Indian Govt. has asked RIM (maker of BlackBerry smart phone) to provide access to the data going through its servers for intelligence purposes and it appears that BlackBerry has accepted the demands. Due to the lack of understanding of encryption on the part of Indian media, misleading and ambiguous reports have been published on the same. This blog post is an effort to clarify the same.

BlackBerry and Encryption
BlackBerry has two type of customers
1) Enterprise Customers
2) Normal Customers

For enterprise customers, a single secret key cryptography across the enterprise is used and this key is known only to enterprise. (roughly, equivalent of saying that all enterprise employees have copy of key to main gate of the office and no one except the office staff has the key). Given the current state of encryption technology, no one can “read” the actual(plain text) messages without getting hold of the key. So, any end-to-end encrypted communication cannot be deciphered by a third party(including RIM).

RIM was also asked to give access to its algorithms so that security agencies here could decrypt messages.”[ET]
Now, this kind of reporting is a pure pig-shit and ignorance of technology on the part of media. Even if government knows the algorithm, it will not be of any use. In fact, for that matter, source code of  most encryption algorithms are publicly known. The power of encryption lies not in the algorithm but the key which is used by the algorithm to generate encrypted text from plain text.

Interestingly, it seems that for normal customers, messages are sent from handset to server in encrypted format (I believe it should be using public-key cryptography) using the sender’s key. De-encrypted at the server and re-encrypted for the receiver. So, traditional approach of eavesdropping fails in this case. The only way to access “data” is through servers. That is what, I believe Indian government(and a lot of other govts) is trying to get access to.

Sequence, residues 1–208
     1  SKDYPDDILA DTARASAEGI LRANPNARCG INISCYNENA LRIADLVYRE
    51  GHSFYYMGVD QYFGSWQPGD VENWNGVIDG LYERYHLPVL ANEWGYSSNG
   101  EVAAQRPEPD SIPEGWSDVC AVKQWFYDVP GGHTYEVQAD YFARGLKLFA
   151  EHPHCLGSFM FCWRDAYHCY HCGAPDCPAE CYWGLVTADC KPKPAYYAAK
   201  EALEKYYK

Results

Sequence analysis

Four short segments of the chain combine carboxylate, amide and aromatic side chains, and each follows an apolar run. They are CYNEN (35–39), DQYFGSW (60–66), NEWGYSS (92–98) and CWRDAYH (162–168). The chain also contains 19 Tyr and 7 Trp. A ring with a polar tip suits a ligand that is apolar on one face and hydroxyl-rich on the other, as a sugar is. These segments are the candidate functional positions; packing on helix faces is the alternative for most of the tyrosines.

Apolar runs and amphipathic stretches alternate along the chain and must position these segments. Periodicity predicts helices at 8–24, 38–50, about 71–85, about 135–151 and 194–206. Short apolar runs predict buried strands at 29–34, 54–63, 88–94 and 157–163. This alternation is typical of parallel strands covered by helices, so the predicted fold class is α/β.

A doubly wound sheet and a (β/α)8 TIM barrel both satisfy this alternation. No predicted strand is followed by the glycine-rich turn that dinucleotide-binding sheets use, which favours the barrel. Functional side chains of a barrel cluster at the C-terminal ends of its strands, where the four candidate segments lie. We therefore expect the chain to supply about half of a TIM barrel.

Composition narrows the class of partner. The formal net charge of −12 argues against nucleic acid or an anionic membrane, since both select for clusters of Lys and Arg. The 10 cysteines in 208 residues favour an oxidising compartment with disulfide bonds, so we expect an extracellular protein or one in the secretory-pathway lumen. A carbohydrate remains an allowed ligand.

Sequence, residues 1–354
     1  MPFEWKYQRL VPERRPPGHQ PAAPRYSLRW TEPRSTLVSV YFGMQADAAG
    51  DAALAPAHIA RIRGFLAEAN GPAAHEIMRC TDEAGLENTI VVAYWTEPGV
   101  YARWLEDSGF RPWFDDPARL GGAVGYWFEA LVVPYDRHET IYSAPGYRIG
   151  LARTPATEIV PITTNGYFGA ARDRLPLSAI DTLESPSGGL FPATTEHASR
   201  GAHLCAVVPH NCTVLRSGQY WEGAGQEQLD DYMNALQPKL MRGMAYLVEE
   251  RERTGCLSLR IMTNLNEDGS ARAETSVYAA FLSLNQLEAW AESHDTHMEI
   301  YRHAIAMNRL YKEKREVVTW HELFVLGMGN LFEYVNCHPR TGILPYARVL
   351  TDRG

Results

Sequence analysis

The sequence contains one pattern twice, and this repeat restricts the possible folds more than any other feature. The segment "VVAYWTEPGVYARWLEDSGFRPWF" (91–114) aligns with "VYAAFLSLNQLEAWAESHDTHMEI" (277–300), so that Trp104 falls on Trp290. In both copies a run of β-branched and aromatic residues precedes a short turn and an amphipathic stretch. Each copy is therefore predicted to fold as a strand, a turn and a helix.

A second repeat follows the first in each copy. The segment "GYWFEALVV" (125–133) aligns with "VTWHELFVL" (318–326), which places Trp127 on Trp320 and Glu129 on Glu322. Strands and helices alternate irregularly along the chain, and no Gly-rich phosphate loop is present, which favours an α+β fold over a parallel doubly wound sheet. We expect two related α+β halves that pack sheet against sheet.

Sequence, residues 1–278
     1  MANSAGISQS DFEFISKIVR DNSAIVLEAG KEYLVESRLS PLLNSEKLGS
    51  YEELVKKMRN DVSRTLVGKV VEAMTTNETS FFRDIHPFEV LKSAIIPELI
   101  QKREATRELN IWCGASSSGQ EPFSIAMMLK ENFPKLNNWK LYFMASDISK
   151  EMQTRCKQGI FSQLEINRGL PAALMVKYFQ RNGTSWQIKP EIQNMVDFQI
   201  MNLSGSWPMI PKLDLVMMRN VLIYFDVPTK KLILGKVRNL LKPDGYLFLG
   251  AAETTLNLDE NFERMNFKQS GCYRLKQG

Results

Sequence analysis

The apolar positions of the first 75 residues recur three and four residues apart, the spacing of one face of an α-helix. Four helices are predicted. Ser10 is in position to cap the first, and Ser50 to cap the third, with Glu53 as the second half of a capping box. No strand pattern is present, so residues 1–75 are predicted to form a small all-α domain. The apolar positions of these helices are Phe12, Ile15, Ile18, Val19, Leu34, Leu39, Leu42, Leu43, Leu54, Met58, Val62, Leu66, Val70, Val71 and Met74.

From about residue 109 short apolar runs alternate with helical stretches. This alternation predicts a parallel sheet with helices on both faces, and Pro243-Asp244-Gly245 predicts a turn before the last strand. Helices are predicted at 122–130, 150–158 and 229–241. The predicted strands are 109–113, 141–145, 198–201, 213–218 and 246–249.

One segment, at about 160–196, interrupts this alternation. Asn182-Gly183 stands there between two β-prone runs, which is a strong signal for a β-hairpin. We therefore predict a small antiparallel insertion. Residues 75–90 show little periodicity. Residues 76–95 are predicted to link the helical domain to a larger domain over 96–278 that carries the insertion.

Is BlackBerry a “low-hanging fruit”
Well, there are two problems with this approach
1) Too much hue and cry
Given the hue and cry government has created in the name of security, no terrorist is ever going to use BlackBerry anymore. Also, if they are adamant,  they can always ask their Pakistani/Middle-east funders to establish some dummy enterprise and all of them become enterprise customers of the service and hence, “uninterceptable” again.

2) Current state of smart phone market.
What if someone implements an android/iPhone app to do encryption on-the-fly between communicating parties. [in fact, there are algorithms where even the key can be established over the wiretapped channel rendering the rest of communication encrypted, so even, after listening to initial communication, it becomes impossible to decipher the rest].

What it actually means (in my opinion)
Given track record of government of wiretapping for political purposes. I see no reason, why government is irked at uninterceptable phones.

Suggestions

  1. It is being planned that a similar restriction will be put on Google(for gmail) and Skype.
    I believe even if government is planning to do something of this sort, any announcement of this type defeats the [honest part of] intent.
  2. Rather than going ahead with blind wire-tapping which will obviously fail as encrypted communication becomes more pervasive and the mammoth amount of data which is too much to be handled manually, so probably, NTRO should try a newer approaches (perhaps pattern-based identification of terrorists)

Note: This article is factually correct to the best of my knowledge.
I might be lacking understanding but not a will to understand, so in case, there is a factual mistake or a logical flaw, please do point that out in comments.

References:

  1. http://futureoftheinternet.org/blackberry-22
  2. http://www.schneier.com/blog/archives/2010/08/uae_to_ban_blac.html
  3. https://cpj.org/blog/2010/08/why-governments-dont-need-to-crack-the-blackberry.php
  4. http://economictimes.indiatimes.com/infotech/hardware/BlackBerry-to-open-code-for-security-check/articleshow/6249666.cms
  5. http://online.wsj.com/article/SB10001424052748704271804575405403458659166.html
  6. http://en.wikipedia.org/wiki/Diffie%E2%80%93Hellman_key_exchange
  7. http://www.outlookindia.com/article.aspx?265191